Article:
Tuesday, April 5, 2016

Easter 1916 - 100 years later (April 24, 2016)

Forty six years before my birth in Brooklyn, my father was born in 1912 Dublin, Ireland.  He was the youngest of seven in a Catholic family.  After he died in 1984, all those siblings outlived him – three of them in the New York area.  I would look in on his oldest brother, Andy, who was actually old enough to be my great-grandfather.  But, I’ve gotten ahead of myself….

In the 5th century A.D., a teen from Roman-Britain was kidnapped and enslaved in Ireland.  Though he later escaped, he was to return to the land of his captivity as a bishop. Saint Patrick’s influence was nothing short of phenomenal with dramatic declines in war and murder, as well as an end to the Irish slave trade. And when the Roman Empire collapsed, the monks of Ireland preserved the writings of Western Civilization.

Fast forward to the 16th century and we find that King Henry VIII has decided to divorce his wife, Catherine of Aragon, so as to marry Anne Boleyn. In reaction to the Pope’s refusal to annul Henry’s marriage to Catherine, Henry declared himself head of the church of England (Of the 5 women he attempted to marry after Catherine, he had two beheaded!).  Subsequently, there were times when it was illegal to be Catholic in England or her territories.  “Penal laws” are said to have been enforced more vigorously in Ireland than elsewhere in the realm.  

Center City Philadelphia’s Irish Memorial reminds us of "Ireland's Great Hunger of 1845 - 1850 when more than one million Irish were starved to death and another million forced to emigrate."  There is a strong belief that England conveniently and deliberately ignored what was happening:  

“Back in Famine time, the same potato crop disease occurred most heavily in Scotland, outside Ireland, yet there were relatively few casualties as the landowners and government ensured, for their own sakes as much as anything, that there was no mass death.  That was not the case in Ireland, where a very different mentality prevailed. The damned Irish were going to get what they deserved because of their attachment to Catholicism and Irish ways when they were refusing to toe the British line…. every possible effort by local organizations to feed the starving were [sic] thwarted and frustrated by a British government intent on teaching the Irish a lesson and forcing market forces on them” (Niall O’Dowd, Irish Central, 3/8/16).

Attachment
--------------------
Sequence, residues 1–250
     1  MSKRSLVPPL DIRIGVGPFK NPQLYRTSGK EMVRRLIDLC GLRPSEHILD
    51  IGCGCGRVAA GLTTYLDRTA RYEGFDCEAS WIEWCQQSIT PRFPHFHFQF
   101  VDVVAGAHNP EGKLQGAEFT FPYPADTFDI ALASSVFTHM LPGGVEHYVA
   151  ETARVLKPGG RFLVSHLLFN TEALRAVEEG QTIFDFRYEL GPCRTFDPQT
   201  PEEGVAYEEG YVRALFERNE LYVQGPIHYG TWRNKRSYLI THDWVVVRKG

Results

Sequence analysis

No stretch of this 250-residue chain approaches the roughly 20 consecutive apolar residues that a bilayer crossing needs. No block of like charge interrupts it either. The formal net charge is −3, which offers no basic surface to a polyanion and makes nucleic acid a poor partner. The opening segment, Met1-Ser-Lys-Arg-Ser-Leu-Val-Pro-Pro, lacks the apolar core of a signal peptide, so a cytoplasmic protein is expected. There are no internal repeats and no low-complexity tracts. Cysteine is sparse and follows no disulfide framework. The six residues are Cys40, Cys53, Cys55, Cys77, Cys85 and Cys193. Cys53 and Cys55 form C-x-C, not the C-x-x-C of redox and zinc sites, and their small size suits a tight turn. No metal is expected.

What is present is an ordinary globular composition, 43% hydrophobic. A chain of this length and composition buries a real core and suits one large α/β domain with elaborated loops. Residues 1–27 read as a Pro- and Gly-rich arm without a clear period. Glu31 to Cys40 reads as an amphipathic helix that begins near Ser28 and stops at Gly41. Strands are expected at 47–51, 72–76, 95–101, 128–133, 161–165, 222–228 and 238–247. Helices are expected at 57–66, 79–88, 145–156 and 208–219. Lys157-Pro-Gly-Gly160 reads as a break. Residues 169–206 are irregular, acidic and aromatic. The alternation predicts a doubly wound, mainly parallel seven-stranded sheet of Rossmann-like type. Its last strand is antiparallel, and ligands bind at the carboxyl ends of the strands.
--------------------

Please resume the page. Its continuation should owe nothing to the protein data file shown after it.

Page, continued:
So many of the descendants of those who managed to escape the famine now call America their home.  They had a profound impact on Catholicism in America, which had been rather small, until their arrival.   

I can now finally get back to Long Island of the mid to late 1980s.  A prolific reader, Uncle Andy would talk of family and Irish history in a fascinating and witty way.  While Uncle Joe was an Augustinian priest and Aunt Kitty was a Mercy nun, Uncle Andy’s tales could be highly critical of Catholicism and Irish nationalism, setting him at odds with all of his siblings.  So much of it seems to have been his reaction to events he personally witnessed in the Dublin of his late teens:

“‘Easter 1916’ by William Butler Yeats is one of the most famous poems written in English in modern times. It commemorates the doomed Irish rebellion that occurred at Easter a century ago….One of the Irish leaders was Patrick Pearse, who was obsessed with ideas of redemption through blood….Following the logic of his teaching, on Easter Monday 1916, Pearse joined other nationalists, both Catholic and secular, in a suicidal rising against British power” (Phillip Jenkins, Aletia, 3/28/16). 

While Ireland is now commemorating the 100th anniversary of the “Easter Rebellion,” many Irish Americans seem to have romanticized notions of what actually happened.  After Uncle Andy’s death, I came across Peter DeRosa’s “Rebels: The Irish Rising of 1916” and better appreciated that Uncle Andy gave me an eyewitness account of pivotal 20th Century events.  And while Ireland had undoubtedly suffered much, the suicidal undertakings of Pearse and others do not stand up to a Catholic “just war” analysis:
The strict conditions for legitimate defense by military force require rigorous consideration. The gravity of such a decision makes it subject to rigorous conditions of moral legitimacy. At one and the same time:
- the damage inflicted by the aggressor on the nation or community of nations must be lasting, grave, and certain;
- all other means of putting an end to it must have been shown to be impractical or ineffective;
- there must be serious prospects of success;
- the use of arms must not produce evils and disorders graver than the evil to be eliminated. The power of modern means of destruction weighs very heavily in evaluating this condition.
These are the traditional elements enumerated in what is called the ‘just war’ doctrine.
The evaluation of these conditions for moral legitimacy belongs to the prudential judgment of those who have responsibility for the common good” (Catechism of the Catholic Church, #2309).

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